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The Kansas City Star
Sosa Aims For Hero Clemente In Greatness, Generosity
By DICK KAEGEL
March 30, 2003
Before Sammy Sosa was a home-run hitter, he was a dreamer. Growing up in the Dominican Republic, he heard the men talk about Roberto Clemente -- the greatest Latin player of all-time.
Sosa wanted to be Clemente -- to be the best. When he was just starting out in the major leagues, Sosa had goals bigger than one good season, or even a good career.
"He talked about Roberto Clemente a lot and how good he was," said Jeff Pentland, who worked with Sosa as the Cubs' hitting coach and is now a member of the Royals' staff. "He wears his number (21). That was very important for him and a driving force for him -- to be the best Latin player in the game ever."
Sosa is halfway home. As proud as he is of his 499 career home runs, he's prouder of being the pre-eminent Latin-born player in baseball today.
"No question," Sosa said. "I've become someone to follow. I really am very proud of myself because everybody coming from the Dominican wants to be like me. Not only Dominicans, but a lot of people in America, too."
Many Latin players have tried to earn the title as best ever. Tony Perez was a cornerstone of the Big Red Machine. Tony Oliva was well on his way to surpassing Clemente until a knee injury derailed his career. Oliva, who has heard himself compared with the late legend, said it's impossible to rank Clemente and Sosa.
"It's hard to make comparisons because these are different times, and they both are different players," Oliva said. "Both are great ballplayers."
Sosa is a role model in other Latin countries as well. His metamorphosis from strikeout-prone prima donna to personal friend of Hillary Rodham Clinton began in 1998.
Sosa, tapping his chest and smiling into TV cameras, captured the baseball world's heart during his home-run battle with Mark McGwire. Even though he lost the race 70-66, Sosa put verve and fun into the historic competition, loosening up the more reserved McGwire. Together, they forged an important comeback for baseball from the 1994-95 strike.
"I think Mark and I in '98 were motivation for everybody," Sosa said. "It was something that people really appreciated at the time because it was a record that had stood for 37 years. Mark broke the record and I was right behind him, and I think we made a lot of people happy. It was a moment I'm never going to forget. It was beautiful for everybody."
McGwire has since retired, but Sosa continues to perform wonderfully. He's the only player in major-league history -- not McGwire, not Ruth -- to post three 60-plus home run seasons.
When asked his opinion on the best Latin-born player of this generation, Arizona left fielder Luis Gonzalez didn't hesitate.
"Popularity-wise, I would say Sammy Sosa," Gonzalez said. "Young-age big-league player, maybe Vladimir Guerrero. Pedro Martinez kind of falls in the middle. These guys are all very popular and considered kings in their countries."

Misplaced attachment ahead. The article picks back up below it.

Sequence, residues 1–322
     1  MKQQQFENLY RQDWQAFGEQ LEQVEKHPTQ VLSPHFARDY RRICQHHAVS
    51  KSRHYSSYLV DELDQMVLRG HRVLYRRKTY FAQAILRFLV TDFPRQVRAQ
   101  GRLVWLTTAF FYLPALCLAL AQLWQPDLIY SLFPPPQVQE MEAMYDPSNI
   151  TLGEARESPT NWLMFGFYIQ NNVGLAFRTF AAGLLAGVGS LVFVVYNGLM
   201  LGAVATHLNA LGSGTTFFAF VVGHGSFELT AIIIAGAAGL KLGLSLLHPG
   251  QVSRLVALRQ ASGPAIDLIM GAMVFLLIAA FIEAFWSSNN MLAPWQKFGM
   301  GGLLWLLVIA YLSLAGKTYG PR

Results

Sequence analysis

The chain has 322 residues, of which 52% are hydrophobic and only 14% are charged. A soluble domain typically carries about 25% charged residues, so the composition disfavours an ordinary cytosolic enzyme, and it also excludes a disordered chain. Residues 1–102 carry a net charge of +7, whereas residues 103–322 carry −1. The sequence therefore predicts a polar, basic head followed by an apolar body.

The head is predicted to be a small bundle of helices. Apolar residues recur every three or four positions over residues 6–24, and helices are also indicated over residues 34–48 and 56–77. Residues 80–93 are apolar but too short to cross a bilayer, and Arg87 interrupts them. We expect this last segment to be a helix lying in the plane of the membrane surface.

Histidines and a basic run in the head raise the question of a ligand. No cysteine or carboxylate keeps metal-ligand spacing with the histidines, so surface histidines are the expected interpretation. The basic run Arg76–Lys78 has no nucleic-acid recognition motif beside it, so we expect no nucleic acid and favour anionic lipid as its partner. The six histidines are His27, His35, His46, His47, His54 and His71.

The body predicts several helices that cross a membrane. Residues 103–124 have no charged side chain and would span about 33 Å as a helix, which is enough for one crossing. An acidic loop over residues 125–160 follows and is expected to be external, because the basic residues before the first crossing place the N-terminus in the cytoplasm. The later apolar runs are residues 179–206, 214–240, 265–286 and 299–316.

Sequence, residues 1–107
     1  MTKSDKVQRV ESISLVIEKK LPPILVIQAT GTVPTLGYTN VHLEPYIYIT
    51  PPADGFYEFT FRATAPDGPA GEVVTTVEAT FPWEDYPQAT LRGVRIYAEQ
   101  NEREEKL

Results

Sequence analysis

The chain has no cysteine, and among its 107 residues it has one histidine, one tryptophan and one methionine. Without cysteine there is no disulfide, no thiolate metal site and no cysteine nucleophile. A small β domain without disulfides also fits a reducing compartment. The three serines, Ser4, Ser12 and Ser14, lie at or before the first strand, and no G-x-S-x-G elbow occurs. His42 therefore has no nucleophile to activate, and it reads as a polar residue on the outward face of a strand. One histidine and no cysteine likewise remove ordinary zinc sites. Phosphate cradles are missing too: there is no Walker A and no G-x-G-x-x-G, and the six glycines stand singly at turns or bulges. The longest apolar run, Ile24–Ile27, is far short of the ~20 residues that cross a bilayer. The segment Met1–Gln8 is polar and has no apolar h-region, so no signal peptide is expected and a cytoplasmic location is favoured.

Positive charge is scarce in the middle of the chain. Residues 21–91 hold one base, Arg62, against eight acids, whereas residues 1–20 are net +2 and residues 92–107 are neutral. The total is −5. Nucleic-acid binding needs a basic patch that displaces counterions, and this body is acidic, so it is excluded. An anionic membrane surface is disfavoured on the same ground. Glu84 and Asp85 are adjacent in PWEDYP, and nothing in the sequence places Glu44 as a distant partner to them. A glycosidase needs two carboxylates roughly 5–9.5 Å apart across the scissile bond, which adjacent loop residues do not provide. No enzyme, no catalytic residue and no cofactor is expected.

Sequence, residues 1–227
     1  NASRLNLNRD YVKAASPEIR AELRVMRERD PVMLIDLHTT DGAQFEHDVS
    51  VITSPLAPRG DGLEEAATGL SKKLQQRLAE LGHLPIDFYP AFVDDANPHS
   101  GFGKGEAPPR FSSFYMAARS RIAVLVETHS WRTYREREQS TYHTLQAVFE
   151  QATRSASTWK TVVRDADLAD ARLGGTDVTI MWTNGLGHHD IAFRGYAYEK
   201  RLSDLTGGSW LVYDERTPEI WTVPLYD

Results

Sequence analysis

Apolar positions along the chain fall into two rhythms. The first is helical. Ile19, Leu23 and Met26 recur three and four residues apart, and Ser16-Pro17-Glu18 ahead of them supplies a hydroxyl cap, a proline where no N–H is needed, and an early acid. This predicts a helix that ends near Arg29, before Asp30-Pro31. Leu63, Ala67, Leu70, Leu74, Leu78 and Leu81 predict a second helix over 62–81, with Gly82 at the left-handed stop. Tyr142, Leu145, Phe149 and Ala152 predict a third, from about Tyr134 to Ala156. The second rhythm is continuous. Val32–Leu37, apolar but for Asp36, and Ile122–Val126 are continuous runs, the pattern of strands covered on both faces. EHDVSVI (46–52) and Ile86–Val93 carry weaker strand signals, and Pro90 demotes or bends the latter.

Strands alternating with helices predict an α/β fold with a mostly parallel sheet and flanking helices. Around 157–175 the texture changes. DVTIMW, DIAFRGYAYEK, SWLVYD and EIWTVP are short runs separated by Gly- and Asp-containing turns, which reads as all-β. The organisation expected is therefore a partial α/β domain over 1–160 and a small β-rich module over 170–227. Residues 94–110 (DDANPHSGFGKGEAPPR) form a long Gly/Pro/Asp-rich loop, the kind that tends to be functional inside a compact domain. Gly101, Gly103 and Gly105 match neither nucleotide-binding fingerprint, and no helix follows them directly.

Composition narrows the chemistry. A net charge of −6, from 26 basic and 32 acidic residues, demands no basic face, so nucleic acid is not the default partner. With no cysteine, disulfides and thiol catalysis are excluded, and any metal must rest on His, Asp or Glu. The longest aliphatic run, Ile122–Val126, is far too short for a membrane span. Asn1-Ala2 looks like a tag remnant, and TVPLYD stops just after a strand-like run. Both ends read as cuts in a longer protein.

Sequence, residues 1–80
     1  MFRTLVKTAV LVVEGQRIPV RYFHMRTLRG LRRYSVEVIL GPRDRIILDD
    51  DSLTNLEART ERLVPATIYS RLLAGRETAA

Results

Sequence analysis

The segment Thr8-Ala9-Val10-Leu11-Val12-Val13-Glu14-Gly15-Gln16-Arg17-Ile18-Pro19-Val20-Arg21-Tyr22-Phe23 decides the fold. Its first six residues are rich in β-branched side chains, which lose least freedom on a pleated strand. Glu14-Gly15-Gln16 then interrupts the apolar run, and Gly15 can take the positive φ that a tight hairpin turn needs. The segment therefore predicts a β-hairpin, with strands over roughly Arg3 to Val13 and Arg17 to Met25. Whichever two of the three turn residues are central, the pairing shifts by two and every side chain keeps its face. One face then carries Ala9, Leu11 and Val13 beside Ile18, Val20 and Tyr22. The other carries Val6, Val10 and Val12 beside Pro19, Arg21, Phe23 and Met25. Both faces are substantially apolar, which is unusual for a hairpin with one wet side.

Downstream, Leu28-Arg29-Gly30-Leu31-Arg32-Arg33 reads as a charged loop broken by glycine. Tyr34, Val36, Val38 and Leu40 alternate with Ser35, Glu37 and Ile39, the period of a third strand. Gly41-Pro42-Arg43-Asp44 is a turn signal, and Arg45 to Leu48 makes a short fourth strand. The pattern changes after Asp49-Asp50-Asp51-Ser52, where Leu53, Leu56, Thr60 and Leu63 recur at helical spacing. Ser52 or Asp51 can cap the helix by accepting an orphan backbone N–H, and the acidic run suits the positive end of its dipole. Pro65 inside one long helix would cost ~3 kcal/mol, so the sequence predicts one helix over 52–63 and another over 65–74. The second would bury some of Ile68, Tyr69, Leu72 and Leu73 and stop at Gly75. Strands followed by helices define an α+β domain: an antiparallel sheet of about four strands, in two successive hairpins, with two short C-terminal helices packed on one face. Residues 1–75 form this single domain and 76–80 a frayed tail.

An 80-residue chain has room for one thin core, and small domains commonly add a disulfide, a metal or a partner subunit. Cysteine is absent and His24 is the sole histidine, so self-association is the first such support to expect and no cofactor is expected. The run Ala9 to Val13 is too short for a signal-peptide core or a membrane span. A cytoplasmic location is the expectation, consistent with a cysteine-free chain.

Or make that country. All three are from the Dominican Republic, the most prolific provider of professional baseball talent.
Sosa, born in San Pedro de Macoris, had his own models as he developed.
"Juan Samuel, Pedro Guerrero, George Bell, Alfredo Griffin -- I had so many players ahead of me that I looked up to, and they motivated me every day, every time," he said.
When he first broke into the bigs with Texas, Sosa was more prone to strike out than homer. But when Oliva saw him play, he knew Sosa had what it took. Sosa honed his talent, and by the 1990s he was a bona fide superstar.
In Pentland's view, Sosa motivated himself to greatness.
"He's one of the hardest workers, if not the hardest worker, I've ever had," Pentland said. "He never missed a day of cage work or batting practice. He really enjoyed the work. It was something he did to make himself better, but then again, he did it because he liked it.
"He was making a lot of money with Chicago, and he could have more or less taken it and been satisfied with how good he was, but he decided to try to be one of the best players in the game."
And, like many Latin players, he uses his wealth to help at home through his own foundation.
"I love to help people," Sosa said. "I still run the clinic for the foundation. We vaccinate hundreds and hundreds of people every day. Every opportunity we can get to help any family with any problem -- medical problems, house problems -- anything, we take care of that."
"So, really, it's an opportunity that God gave to me to take care of, so I'm really very happy about it because I get to take care of so many people."
Oliva said Sosa's desire to bring something back to Latin America brings him closer to Clemente.
"He does a lot of things for his country, the same thing Clemente did for his country (Puerto Rico)," Oliva said.
The Sammy Sosa of today is indeed a happy man.
"That's my charisma," he said. "To come here and be happy and play great. To have everything I was working for. What else can you ask?"
When McGwire ultimately won the home-run duel in 1998, Sosa was quick to congratulate Big Mac.
"One of the things he said was: `Mac is No. 1 in the United States, and I'm No. 1 in Latin America,' " Pentland said.
Will Sosa someday be considered the best ever from Latin America?
"History," said Pentland, "will tell us."
Wright Thompson of The Star contributed to this story.